Seven Secret Herbs and Spices

It’s been a very long haul for Rosa since July with recurring and persistent bouts of laminitis. For those who aren’t familiar with the disease, laminitis (also called founder) is inflammation of the laminae of the foot – the soft tissue structures that attach the coffin or pedal bone of the foot to the hoof wall. This inflammation can be caused by a number of things but, in Rosa’s case, it’s all about the sugars in her feed. And she does love her some sugar … aka green grass.

In this case, the grass was greener on the other side of the fence.

T’s known about her metabolic issues for years, and the amount of grass Rosa gets is managed as a result and she’s kept on a supplement that helps her process carbohydrates. But, this year, the usual methods just didn’t work, and Rosa had to be pulled from the pasture and dry-penned in July. It’s a sad thing for all of us when one of the herd is separated. Luckily, she’s an easygoing gal, and didn’t raise much of a fuss after the first day or so. She had hay and soft bedding and very sore feet so I think she saw the benefit of her confined situation.

Rosa’s summer dry pen.

Normally, a week in a dry pen would have her sorted out, but that just didn’t happen this year. She stayed in her pen, getting out only for walking on a lead all through August and into September. By late September, after some frost and the assistance of the rest of us in clearing out anything edible, they expanded Rosa’s world to a larger paddock to get her moving around more. There was just the smallest amount of barely-green grass in her new space but even that had her tender-footed again.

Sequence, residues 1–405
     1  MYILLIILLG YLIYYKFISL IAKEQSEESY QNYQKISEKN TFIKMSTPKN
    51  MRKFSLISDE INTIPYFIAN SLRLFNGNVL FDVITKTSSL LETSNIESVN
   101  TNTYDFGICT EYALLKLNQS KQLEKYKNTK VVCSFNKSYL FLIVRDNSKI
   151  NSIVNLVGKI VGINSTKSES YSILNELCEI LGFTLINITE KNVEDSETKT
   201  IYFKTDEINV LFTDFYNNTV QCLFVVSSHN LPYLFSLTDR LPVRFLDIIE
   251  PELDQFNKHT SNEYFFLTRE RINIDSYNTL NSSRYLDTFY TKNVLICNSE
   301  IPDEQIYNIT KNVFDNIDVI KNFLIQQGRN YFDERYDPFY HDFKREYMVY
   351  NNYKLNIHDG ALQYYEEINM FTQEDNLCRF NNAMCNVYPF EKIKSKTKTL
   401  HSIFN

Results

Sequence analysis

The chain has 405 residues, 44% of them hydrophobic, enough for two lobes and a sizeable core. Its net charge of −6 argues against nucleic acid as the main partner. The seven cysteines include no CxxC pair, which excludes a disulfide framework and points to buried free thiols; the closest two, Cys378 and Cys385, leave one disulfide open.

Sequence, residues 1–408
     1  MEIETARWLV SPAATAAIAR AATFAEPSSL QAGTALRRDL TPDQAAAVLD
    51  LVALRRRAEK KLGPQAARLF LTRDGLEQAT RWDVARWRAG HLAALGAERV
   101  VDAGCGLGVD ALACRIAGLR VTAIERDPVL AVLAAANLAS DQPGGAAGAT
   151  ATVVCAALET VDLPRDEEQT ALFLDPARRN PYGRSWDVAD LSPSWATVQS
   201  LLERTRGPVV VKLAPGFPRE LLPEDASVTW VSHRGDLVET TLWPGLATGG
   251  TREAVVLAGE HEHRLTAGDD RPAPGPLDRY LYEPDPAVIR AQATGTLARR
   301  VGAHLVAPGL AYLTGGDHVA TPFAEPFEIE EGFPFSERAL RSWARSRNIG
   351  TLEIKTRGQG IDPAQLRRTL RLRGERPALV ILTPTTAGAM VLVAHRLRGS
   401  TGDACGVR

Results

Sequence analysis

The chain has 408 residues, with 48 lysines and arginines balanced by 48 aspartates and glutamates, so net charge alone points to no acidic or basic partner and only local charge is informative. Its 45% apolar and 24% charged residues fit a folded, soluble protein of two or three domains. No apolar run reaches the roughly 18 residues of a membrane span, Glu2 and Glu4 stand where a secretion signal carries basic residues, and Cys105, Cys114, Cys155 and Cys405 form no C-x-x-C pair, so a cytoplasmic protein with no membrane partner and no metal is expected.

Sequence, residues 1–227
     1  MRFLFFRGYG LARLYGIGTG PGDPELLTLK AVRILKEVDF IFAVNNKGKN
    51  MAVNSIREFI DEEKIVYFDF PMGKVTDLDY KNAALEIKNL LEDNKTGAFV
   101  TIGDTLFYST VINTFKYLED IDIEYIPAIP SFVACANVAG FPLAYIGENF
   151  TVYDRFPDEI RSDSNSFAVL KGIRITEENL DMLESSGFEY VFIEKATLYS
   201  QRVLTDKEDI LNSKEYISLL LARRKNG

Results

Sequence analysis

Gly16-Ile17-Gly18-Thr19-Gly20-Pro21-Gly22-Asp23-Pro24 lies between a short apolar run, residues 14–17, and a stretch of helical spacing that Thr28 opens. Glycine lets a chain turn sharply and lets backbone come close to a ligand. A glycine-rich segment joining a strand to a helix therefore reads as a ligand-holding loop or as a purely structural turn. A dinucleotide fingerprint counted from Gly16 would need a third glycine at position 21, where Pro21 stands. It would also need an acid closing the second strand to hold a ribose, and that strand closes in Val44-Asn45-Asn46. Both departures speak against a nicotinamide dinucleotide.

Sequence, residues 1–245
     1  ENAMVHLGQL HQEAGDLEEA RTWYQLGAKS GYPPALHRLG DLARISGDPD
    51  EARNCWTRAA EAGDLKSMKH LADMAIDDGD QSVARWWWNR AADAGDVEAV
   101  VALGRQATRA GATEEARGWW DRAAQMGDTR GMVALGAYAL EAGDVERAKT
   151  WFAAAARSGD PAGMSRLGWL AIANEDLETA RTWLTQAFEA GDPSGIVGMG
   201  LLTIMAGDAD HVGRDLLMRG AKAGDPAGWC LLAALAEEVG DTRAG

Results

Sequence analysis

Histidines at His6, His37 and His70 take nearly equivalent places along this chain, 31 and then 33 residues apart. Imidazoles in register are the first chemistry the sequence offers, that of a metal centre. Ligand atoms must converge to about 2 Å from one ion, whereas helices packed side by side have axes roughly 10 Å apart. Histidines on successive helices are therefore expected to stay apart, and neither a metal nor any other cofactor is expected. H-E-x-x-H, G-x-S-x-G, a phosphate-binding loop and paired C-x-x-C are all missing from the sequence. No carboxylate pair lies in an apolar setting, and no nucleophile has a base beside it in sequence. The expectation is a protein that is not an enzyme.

First day in the big pen. Feeling good.

By mid-October she was looking much better, and then her condition deteriorated suddenly. She became reluctant to put weight on her front feet and developed some heat in even her hind feet. The only culprit T could come up with was the hay being fed in small piles around her pen to encourage her to move. So, that was it, everything stripped away but hay fed in slow feeder nets with 1” holes, minerals, salt, and water. No loose hay, no supplements (because they need to be fed in some kind of grain), and the time out with the herd we were hoping for by mid-October, cancelled.

Rosa’s new “buffet”.

In early November, things had improved from the very lame horse she’d been a few weeks earlier, but still there was heat in her hooves. Horse hooves are generally quite cool to the touch, almost like they’re not attached to something living, but Rosa’s were melting snow. That was when T decided it was time to do some more research, find out what might accomplish more than the herbal blends she’d tried that were supposed to assist with her metabolism and inflammation.

Regular trimming is part of her rehabilitation program.

Thanks to a few knowledgeable vets and practitioners on the internet, a program was put together. I call it Rosa’s “seven secret herbs and spices”, the SSHS program. Other than the apple cider vinegar, everything came from T’s favourite source for all things equine healing, Herbs for Horses. I won’t bore you with the list of vitamins and minerals, but I will tell you that Rosa didn’t like it much at first. She’s had to acquire a taste, helped along by the apple cider vinegar and flax oil which taste pretty good and mask a lot of the other things.

One of the earlier herbal concoctions in her ultra-low-sugar feed from Hoffmans.

After three weeks on her SSHS program, Rosa was turned out with us for a morning. Although most of it is dead and brown, we still have a lot of grass out in the pasture, and T wasn’t sure how she’d respond. Two days later Rosa was turned out again for the morning, and again the two days following. On Monday, December 7, she was turned out in the morning and this time she stayed out. She’d officially rejoined the herd. It was a joyous day!